See also the list of all 50 State High Points.
Gary Craig asks, "What distinguishes the following eight state high points from all the rest?"
The answer is that they all have been the high point of the United States, at least for a short time. I ordered the list above in increasing order of elevation, which also orders the list from earliest to latest ratification of the constitution by respective state. Delaware was first; its high point was surpassed less than a week later by Pennsylvania's, et cetera. The high point of the 13 colonies was N.C.'s Mt. Mitchell, which lasted until Texas was admitted to the US in 1845. Mt. Whitney has had the longest tenure as US high point at about 109 years, to be surpassed by McKinley/Denali in 2068 (very likely, at least).
Alan Ritter provides extra detail:
Well, Whitney being the highpoint of the lower 48 States, it would have been the U.S. highpoint from the statehood date of California until the statehood date of Alaska, from 1850 until 1959, or 109 years (haven't double-checked the exact dates, so could be 108, not 109 years).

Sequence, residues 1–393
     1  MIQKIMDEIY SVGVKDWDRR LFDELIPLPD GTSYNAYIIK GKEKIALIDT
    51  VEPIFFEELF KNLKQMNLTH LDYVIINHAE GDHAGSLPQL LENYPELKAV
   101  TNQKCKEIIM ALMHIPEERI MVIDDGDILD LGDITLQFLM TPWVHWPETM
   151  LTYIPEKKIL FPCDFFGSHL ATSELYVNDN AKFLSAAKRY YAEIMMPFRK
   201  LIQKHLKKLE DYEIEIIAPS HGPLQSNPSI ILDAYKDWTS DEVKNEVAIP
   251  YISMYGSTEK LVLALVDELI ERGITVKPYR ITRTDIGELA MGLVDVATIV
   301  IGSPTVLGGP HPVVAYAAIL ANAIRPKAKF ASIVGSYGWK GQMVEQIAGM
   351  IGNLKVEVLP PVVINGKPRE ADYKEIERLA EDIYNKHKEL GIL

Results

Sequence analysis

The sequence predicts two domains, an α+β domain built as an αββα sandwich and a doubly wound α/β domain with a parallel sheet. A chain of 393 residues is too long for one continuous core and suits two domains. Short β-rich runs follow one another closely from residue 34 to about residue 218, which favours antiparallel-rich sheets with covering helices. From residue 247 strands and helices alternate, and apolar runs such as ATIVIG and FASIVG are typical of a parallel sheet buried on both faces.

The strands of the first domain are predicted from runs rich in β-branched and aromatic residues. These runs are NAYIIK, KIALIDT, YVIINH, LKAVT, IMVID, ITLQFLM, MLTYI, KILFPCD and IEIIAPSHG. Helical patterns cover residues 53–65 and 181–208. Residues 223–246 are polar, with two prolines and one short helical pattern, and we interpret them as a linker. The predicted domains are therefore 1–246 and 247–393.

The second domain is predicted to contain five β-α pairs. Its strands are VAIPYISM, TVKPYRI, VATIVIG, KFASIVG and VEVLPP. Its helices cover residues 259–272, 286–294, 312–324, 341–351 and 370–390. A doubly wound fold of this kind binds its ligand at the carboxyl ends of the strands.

That means that McKinley (Denali) WILL become the longest-tenure highpoint in 1959 + 109 years or 2068, give or take a year. At that point, it WILL HAVE BEEN the highpoint with the longest tenure.
Now, I haven't gone back through the various statehood dates to determine when other likely candidates for the state with the highpoint of the longest tenure were likely to have been admitted to the Union, but I rather suspect that North Carolina (Mt. Mitchell, the tallest thing east of the Mississippi and surpassed only by Harney Peak east of the Rockies) might qualify, given the early statehood of NC and relatively late statehood of SD.
If anybody wants to add a column to my state highpoint table with statehood dates and tenure as the U.S. highpoint, feel free to work your way down the list at http://www.mtritter.org/molehill.htm and find a list of statehood dates and you should be able to figure out pretty well what the relative tenures are. If the U.S. highpoint of longest tenure isn't NC, CA probably wins the prize.
Dontcha just love trivia???